It taught me that luck does play a role in life, but luck is more akin to coincidence which we turned into achievement. Luck probably approaches everyone, but strikes only those who are helping themselves. I have felt at times, that when I am sincerely striving towards a goal I desperately seek, all the angels in heaven come down to Earth to make it happen - to bring about a series of lucky coincidences that help me get what I want. A concept expressed much more poetically in the movie Om Shanti Om as:

Agar kisi cheez ko dil se chaho,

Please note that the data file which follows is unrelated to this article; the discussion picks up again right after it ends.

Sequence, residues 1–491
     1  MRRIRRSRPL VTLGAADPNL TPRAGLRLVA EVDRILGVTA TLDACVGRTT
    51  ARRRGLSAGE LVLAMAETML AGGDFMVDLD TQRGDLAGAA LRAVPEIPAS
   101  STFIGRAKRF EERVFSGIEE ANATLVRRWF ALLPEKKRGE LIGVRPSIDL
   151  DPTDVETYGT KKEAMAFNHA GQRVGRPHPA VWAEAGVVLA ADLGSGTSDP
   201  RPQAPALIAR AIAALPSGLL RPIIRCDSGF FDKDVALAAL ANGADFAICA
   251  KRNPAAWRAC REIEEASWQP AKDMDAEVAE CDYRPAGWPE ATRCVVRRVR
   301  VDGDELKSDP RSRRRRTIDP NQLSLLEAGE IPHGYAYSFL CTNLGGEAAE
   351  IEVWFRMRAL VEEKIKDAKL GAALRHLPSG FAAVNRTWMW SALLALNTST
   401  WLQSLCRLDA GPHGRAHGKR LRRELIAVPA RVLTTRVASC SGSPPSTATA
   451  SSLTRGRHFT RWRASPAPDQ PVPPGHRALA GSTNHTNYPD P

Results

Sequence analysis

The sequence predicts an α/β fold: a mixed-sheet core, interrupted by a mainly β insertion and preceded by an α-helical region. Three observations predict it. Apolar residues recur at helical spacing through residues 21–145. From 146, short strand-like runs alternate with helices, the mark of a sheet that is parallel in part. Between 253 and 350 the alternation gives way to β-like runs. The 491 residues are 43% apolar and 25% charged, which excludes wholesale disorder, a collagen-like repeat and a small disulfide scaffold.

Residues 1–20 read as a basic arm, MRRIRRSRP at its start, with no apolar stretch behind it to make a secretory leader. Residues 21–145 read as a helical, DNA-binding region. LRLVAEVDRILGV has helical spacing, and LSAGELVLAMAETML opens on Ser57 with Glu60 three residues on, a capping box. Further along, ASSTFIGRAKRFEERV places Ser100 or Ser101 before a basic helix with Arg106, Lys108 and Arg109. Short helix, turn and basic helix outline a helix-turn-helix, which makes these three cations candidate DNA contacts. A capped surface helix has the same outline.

Toh puri kayanaat use tumse milane mein lag jaati hai.

Life taught me that I need to keep working hard, I need to plan ahead about what I want to achieve and how I want to go about achieving it, but that I should not plan everything, as what happens is often at variance with what we expect, and so we need to be flexible. That I should not plan too much into the future, as the best opportunities creep in unexpectedly.

It taught me that nothing can replace diligence. That I can not let failures and challenges deter me. I have to keep picking myself up after every fall, and strive again, with bigger energy. I have to keep striving towards bigger goals and keep my eyes open as the best opportunities come unexpected.